Is tribalism a reaction to our concerns about the emerging network era, which is putting into question our existing institutions and markets developed in previous eras? Jalaja Bonheim wrote about this phenomenon in Why We Love Trump and describes a potential counteracting force: “A new consciousness is awakening that recognizes our oneness as a global community.” But David Ronfeldt thinks there are smaller scale efforts that do not require such global engagement.
“In any case, I am struck so far that many readings about tribalism end up recommending ways to improve interpersonal relations, and/or ways to foster global consciousness. Yet there are intermediate levels that, so far, have been neglected by those who discuss malignant tribalisms.
Consider, for example, ideas about our needing a new social compact, or social contract, or national covenant. As I’ve often argued from a TIMN [Tribes + Institutions + Markets + Networks] perspective, getting the tribal form right is essential for a healthy society. The obvious elements are families and communities. Yet the bright side of the tribal form is also found in social compacts, contracts, and covenants that political philosophers and historians like to discuss.” —David Ronfeldt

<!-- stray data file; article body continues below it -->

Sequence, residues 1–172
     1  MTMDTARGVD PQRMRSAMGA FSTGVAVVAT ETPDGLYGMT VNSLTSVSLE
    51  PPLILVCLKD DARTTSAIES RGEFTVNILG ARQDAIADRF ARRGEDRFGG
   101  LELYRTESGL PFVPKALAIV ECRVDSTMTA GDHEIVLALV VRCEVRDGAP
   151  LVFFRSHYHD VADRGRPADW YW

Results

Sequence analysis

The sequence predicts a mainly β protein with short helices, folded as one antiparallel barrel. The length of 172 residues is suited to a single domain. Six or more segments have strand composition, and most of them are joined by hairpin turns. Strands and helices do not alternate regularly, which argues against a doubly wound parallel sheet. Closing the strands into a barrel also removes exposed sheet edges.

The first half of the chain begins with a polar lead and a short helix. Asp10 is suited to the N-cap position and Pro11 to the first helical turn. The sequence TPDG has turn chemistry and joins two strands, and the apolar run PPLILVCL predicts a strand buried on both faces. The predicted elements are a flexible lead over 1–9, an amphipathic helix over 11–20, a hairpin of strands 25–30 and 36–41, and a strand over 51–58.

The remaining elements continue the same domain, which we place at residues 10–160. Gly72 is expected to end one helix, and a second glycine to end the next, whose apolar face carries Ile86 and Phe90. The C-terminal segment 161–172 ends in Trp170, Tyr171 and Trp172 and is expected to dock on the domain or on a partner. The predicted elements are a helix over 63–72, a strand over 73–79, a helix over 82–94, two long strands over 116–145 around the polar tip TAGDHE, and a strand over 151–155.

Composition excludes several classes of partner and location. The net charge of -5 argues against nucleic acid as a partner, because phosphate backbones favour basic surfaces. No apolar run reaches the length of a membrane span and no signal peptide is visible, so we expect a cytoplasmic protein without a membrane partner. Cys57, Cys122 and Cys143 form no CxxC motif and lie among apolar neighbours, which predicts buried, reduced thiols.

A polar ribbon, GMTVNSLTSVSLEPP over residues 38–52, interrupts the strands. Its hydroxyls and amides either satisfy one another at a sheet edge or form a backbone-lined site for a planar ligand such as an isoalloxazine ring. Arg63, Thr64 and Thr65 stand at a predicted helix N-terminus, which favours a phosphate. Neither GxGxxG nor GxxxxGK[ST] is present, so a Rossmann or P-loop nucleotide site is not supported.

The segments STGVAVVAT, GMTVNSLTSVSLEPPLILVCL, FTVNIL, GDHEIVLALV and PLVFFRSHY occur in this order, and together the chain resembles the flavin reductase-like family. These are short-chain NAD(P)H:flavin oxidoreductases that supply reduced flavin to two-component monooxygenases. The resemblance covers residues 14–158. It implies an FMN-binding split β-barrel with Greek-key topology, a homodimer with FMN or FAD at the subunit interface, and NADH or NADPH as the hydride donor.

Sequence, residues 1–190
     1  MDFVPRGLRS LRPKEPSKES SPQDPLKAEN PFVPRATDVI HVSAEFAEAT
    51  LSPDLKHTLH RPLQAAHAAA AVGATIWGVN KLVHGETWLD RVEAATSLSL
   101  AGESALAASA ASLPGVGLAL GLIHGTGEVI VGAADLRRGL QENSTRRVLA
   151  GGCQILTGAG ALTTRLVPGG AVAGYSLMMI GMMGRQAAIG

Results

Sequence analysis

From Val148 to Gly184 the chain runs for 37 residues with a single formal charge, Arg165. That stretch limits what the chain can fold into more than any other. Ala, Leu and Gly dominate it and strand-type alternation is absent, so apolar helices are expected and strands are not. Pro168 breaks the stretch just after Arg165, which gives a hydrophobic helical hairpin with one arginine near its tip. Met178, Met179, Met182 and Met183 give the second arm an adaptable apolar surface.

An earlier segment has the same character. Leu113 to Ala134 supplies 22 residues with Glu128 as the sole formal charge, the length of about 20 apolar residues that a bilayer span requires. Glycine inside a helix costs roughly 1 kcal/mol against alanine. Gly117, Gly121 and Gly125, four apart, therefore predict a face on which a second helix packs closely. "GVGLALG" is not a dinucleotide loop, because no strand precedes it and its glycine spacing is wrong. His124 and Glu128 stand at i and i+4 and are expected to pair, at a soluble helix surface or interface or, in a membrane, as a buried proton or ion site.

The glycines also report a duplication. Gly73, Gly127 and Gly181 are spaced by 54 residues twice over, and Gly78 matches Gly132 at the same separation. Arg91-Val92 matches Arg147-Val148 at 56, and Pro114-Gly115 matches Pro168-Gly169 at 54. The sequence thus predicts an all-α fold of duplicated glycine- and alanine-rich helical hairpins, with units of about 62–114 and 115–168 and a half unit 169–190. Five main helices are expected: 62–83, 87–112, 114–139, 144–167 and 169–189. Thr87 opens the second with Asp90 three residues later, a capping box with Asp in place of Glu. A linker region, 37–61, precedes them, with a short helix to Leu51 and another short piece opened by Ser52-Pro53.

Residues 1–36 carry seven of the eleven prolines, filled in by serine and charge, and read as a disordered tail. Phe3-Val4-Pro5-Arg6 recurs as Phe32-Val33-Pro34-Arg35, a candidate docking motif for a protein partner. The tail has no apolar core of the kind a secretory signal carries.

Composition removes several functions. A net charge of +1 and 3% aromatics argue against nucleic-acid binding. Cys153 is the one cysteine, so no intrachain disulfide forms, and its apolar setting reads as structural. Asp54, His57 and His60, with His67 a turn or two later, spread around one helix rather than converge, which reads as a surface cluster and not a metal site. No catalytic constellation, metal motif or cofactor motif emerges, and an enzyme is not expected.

This is an obvious opportunity for cities. They can provide a safe place where Tribes (families & communities) feel at home and are not threatened. But they can also make connections and provide safe intersections between different Tribes. In addition, they can experiment with new Institutions (e.g. cooperatives) and Market forms (e.g. sharing economy, micro-finance). All of these can be done at a manageable scale. A new social contract can be developed at a more human level. This is a learning city
“Learning Cities harness their knowledge, social networks, environmental assets and financial capital to facilitate the development of skills, knowledge and values by local people and organizations.” — Janet Candy, Planning Learning Cities, 39th ISoCaRP Congress 2003
The UNESCO definition (2015) of a learning city expands on this definition.
A Learning City is a city which effectively mobilizes its resources in every sector to
• promote inclusive learning from basic to higher education;
• revitalize learning in families and communities;
• facilitate learning for and in the workplace;
• extend the use of modern learning technologies;
• enhance quality and excellence in learning; and
• foster a culture of learning throughout life.
In so doing it will create and reinforce individual empowerment and social cohesion, economic and cultural prosperity, and sustainable development.
Learning cities can foster connections and create intersections for active experimentation to develop new social compacts for a healthy network era society. Learning cities can ‘get the Tribal form right’.